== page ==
- Middlebury College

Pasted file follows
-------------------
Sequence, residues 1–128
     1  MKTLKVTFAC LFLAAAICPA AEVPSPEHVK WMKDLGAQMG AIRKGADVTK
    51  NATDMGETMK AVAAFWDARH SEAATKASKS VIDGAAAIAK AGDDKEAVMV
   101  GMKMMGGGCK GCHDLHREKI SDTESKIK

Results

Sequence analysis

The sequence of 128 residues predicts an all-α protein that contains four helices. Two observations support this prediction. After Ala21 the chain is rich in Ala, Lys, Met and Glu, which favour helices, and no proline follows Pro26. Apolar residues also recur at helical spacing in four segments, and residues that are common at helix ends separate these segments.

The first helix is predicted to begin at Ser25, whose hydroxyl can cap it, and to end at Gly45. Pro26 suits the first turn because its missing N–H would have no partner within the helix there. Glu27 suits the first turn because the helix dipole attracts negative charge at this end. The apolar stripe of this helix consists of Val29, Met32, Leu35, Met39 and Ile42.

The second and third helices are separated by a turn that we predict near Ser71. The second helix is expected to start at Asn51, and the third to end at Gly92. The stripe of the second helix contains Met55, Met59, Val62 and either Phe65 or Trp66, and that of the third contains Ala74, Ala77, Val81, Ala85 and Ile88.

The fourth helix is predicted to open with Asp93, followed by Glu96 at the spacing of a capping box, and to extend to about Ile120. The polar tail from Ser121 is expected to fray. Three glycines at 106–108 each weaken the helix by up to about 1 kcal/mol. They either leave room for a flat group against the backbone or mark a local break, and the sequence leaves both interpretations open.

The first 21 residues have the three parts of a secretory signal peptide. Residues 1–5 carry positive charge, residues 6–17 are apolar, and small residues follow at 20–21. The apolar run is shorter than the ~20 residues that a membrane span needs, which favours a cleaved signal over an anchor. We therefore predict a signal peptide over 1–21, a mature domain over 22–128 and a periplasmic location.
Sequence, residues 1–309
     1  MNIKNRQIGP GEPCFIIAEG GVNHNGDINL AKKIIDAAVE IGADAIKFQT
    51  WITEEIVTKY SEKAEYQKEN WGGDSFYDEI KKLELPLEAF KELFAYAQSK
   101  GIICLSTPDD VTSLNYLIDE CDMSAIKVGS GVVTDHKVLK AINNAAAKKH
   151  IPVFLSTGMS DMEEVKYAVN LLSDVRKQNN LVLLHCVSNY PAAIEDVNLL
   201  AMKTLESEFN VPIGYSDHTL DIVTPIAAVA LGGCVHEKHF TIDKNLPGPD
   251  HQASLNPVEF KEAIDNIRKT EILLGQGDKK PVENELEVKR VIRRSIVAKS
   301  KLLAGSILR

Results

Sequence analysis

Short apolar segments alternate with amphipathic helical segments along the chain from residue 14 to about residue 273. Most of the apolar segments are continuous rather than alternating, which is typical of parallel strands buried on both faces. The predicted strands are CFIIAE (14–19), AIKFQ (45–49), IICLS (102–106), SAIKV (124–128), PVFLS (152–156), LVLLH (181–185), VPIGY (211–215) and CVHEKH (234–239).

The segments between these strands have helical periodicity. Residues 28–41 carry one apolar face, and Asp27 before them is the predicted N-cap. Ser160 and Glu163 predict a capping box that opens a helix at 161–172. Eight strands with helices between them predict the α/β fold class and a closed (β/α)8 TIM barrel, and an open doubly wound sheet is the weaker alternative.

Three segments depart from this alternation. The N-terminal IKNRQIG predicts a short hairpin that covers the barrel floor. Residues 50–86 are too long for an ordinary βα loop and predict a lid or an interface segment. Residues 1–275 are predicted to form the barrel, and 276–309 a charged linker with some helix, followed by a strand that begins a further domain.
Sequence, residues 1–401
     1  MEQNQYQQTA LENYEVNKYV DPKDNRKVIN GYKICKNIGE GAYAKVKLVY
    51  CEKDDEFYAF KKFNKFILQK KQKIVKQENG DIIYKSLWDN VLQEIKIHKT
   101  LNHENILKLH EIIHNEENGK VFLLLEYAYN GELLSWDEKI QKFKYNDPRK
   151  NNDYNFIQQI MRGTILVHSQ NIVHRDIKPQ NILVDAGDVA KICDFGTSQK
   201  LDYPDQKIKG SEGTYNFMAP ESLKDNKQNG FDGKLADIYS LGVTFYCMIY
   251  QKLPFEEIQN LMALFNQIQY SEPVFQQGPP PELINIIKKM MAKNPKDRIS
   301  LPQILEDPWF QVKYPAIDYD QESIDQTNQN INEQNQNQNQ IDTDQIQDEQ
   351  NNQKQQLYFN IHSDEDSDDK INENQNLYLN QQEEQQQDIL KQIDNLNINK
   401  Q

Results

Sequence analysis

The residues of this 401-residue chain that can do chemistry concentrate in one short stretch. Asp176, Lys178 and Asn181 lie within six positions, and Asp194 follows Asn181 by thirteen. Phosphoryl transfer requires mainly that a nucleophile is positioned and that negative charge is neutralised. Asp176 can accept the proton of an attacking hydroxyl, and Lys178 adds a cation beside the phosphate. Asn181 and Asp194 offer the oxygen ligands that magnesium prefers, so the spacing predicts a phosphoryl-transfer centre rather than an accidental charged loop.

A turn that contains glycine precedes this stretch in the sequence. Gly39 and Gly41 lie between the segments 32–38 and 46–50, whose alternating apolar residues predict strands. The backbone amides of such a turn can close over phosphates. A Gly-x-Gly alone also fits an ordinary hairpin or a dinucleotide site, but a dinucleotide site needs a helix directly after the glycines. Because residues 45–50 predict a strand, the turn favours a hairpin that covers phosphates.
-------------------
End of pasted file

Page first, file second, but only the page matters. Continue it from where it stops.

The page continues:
This project explores the rise, expansion, and influence of Christian television in the Middle East, from the early 1980s to the present. Christian broadcasting was initially established by American televangelists who sought to spread their charismatic brand of Christianity. The development of American-sponsored channels, however, challenged Middle Eastern Christians to defend their own voices and pioneer their own religious channels, which captured a local perspective on spirituality, theology, culture, and politics. Even though some broadcasts have continued to promote American evangelical agendas, television has simultaneously created a new forum for indigenous Christians long excluded from public religious expression in their home countries. This project will be published as a book and through other forms of academic writing. It will also be disseminated in blog entries, op-eds, and public lectures, as well as through conversations with journalists and writers who cover issues related to religion, media, and the Middle East.